Prior to 1957, there was also an H1N1 virus circulating. That may be the cutoff. It may be people born before 1957 having been exposed to a similar virus might have a better immune response to it. We don't know. We're looking at that.
There's only one class of drugs that works with this virus right now, Tamiflu and related drugs. So we need to know as soon as possible if any signs of resistance are showing up. That's what these people are doing. They're checking to make sure that the viruses are still sensitive, and everything we've seen so far is still sensitive to the drug.
BETTY ANN BOWSER: The Tamiflu works?
MICHAEL SHAW: Right, yes. But if that changes, we need to know about it as quickly as possible, which is why these people are -- everybody here is working 24 hours a day on this. Nobody is stopping.
BETTY ANN BOWSER: Right now, CDC officials are making virus samples available to drug manufacturers, but no decision has been made about when to start producing vaccine for mass consumption.
Explanations for virus's variation
MARGARET WARNER: As researchers work around the clock, they're trying to get a grip on a number of medical and scientific mysteries about this particular flu strain, its infection rate, and its virulency.
We explore some of that now with Dr. William Schaffner, chairman of the Department of Preventive Medicine at the Vanderbilt University School of Medicine. He's an expert on infectious diseases.
And Laurie Garrett, a senior fellow for global health at the Council on Foreign Relations, she's working on a book about the global impact of infectious disease.
Welcome to you both.
Dr. Schaffner, I know we don't know the answer to this question, but what are some of the possible explanations for the fact that so far the only people who have died have been in Mexico or that little boy who had just arrived in the states from Mexico?
DR. WILLIAM SCHAFFNER, Vanderbilt University School of Medicine: Well, there are a number of different explanations, Margaret. The first is a standard public health investigation answer.
The Mexican authorities probably focused on the most severely ill people who are in hospitals and who were dying. And it may well be that the subsequent investigation will show us that many, many people got sick, but only a relatively smaller proportion needed to be hospitalized and died.
And then, when you do that calculation, the fatality rate then may approach what we normally see in an influenza outbreak, so that's the first explanation.
There are a couple of others. Another is perhaps access to medical care is different in Mexico than it is in the United States or perhaps there were co-infections with other viruses that were going on at the same time.
Perhaps the virus actually was different in Mexico and the United States. Perhaps it mutated again. But the laboratorians have told us that's not likely to be an explanation, so we're going to wait for the rest of that public health investigation to be completed in Mexico to see if we can sort that out.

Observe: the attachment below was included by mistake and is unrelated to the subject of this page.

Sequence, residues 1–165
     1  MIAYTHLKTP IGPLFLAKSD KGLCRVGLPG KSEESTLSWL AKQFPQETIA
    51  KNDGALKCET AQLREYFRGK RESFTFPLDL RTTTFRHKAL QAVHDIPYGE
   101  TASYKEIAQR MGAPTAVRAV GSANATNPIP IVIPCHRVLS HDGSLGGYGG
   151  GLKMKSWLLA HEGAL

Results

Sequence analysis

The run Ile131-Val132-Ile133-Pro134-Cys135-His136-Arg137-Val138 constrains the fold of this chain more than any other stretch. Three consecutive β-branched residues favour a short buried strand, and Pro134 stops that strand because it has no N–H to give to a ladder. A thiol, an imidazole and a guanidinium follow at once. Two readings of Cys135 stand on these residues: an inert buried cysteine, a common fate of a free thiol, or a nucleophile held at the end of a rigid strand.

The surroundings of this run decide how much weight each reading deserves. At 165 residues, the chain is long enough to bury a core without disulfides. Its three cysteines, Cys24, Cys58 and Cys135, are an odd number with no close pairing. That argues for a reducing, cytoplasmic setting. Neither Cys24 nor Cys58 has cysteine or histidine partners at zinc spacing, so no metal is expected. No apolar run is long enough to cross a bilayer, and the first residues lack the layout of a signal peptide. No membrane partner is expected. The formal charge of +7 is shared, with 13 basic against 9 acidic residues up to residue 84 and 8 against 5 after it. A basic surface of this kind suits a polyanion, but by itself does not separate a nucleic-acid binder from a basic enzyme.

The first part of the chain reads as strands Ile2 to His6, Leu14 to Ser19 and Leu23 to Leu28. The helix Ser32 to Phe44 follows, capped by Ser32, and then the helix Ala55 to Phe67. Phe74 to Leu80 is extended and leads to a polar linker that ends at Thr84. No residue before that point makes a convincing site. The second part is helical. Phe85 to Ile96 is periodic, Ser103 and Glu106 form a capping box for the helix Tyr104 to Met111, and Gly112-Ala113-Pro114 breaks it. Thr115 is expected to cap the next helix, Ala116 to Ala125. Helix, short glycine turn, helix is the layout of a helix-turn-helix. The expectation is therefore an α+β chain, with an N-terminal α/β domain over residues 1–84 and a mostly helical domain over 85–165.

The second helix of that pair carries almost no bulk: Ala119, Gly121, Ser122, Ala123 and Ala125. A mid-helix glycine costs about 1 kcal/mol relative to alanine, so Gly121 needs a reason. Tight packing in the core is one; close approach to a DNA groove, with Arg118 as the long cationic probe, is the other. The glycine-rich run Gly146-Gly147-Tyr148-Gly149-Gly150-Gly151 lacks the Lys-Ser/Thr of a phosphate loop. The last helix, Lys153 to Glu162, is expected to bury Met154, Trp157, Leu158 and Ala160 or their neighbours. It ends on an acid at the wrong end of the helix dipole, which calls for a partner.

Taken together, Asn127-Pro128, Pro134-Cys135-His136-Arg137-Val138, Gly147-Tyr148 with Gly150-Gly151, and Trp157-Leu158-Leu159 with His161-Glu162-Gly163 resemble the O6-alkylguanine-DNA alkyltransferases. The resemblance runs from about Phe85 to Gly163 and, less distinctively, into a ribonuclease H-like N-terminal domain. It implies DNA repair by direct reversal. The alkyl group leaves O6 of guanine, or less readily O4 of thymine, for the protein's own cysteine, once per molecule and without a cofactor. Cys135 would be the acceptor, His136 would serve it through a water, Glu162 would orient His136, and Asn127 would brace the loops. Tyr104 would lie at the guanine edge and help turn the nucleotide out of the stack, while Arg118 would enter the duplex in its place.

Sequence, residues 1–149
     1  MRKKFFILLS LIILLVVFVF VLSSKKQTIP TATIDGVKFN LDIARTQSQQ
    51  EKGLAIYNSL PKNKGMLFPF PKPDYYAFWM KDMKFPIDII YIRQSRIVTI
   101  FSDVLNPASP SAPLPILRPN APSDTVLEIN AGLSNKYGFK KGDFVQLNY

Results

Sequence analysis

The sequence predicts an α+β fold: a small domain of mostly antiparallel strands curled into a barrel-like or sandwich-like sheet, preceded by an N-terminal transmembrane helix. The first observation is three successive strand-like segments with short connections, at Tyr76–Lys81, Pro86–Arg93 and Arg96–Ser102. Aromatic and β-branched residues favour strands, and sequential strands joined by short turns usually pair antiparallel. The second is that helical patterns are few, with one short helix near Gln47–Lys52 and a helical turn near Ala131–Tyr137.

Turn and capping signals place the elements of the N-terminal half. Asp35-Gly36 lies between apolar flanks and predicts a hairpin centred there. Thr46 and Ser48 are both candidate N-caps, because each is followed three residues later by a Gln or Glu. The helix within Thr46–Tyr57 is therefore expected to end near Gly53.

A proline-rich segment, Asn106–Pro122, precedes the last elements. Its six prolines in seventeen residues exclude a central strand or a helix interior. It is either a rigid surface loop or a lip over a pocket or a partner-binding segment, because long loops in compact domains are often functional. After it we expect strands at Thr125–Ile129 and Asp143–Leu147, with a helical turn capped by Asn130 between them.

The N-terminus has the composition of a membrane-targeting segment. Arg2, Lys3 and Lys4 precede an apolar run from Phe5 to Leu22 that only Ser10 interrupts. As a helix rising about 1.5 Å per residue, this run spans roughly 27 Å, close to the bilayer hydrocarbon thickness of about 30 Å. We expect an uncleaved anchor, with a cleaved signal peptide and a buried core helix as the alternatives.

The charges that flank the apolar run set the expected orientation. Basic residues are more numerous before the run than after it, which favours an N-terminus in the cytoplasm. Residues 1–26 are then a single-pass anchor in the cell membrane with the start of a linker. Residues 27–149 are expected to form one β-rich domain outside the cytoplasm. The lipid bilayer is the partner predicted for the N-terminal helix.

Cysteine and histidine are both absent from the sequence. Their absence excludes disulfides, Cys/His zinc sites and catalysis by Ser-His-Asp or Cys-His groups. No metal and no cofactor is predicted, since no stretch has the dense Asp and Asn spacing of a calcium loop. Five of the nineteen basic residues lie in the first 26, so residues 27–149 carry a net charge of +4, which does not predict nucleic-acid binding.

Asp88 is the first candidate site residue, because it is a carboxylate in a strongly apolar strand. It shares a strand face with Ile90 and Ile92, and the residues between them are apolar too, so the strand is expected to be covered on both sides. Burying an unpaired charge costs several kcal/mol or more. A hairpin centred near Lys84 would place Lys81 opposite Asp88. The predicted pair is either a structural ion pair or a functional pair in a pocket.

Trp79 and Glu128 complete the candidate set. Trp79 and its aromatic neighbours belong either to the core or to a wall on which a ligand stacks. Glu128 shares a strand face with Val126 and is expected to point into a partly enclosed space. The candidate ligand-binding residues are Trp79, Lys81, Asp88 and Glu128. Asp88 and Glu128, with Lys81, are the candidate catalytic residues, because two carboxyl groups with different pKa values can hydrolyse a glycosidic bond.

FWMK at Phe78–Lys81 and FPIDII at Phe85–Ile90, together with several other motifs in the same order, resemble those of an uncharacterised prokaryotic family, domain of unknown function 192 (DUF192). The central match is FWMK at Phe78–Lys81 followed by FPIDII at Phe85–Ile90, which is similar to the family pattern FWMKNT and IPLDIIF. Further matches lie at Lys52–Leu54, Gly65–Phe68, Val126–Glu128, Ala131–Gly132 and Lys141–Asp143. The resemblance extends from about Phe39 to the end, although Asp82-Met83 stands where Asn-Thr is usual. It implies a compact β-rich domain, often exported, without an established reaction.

How a virus mutates
MARGARET WARNER: And, Laurie Garrett, how important is it to sort that out?
LAURIE GARRETT, Council on Foreign Relations: Oh, I think it's very important to have that sorted out, because here we are at pandemic level five. There's only one other World Health Organization level to go to, number six. These threat levels are based on the geographic spread of the virus, not on its severity, not on how dangerous it is.
And unless we know the answer to really how dangerous it is, which basically means to what's going on in Mexico, all these threat-level rises simply create a kind of level of anxiety in the world without it being directly correlated with just how serious the disease may be.
MARGARET WARNER: So, Dr. Schaffner, going to the severity question -- now, we've heard some scientists opining that maybe this is going to be milder than thought. Others are saying, "Not so fast." How does a flu virus mutate? In other words, can it mutate in either direction, more dangerous or less so?
DR. WILLIAM SCHAFFNER: Well, yes, it can. It turns out that the influenza virus has in its genetic elements a capacity to mutate very readily, in contrast, for example, to the measles virus, which has been the same for eons. It doesn't change.
As we all know, the flu virus changes from season to season, and it does so either internally -- it can just mutate its own genetic material -- or it can combine with other viruses in the same animal, for example, in a pig.
The pig can be infected with a swine influenza virus, and then a human influenza virus, and then they can exchange their genetic material and create a new virus.
This new virus can adapt itself to humans and become more transmissible and more virulent or its virulence could fall off, all because the influenza genetics is very, as we say, plastic.
LAURIE GARRETT: I think this is an important point, Margaret. Let me take it one step further, if I may.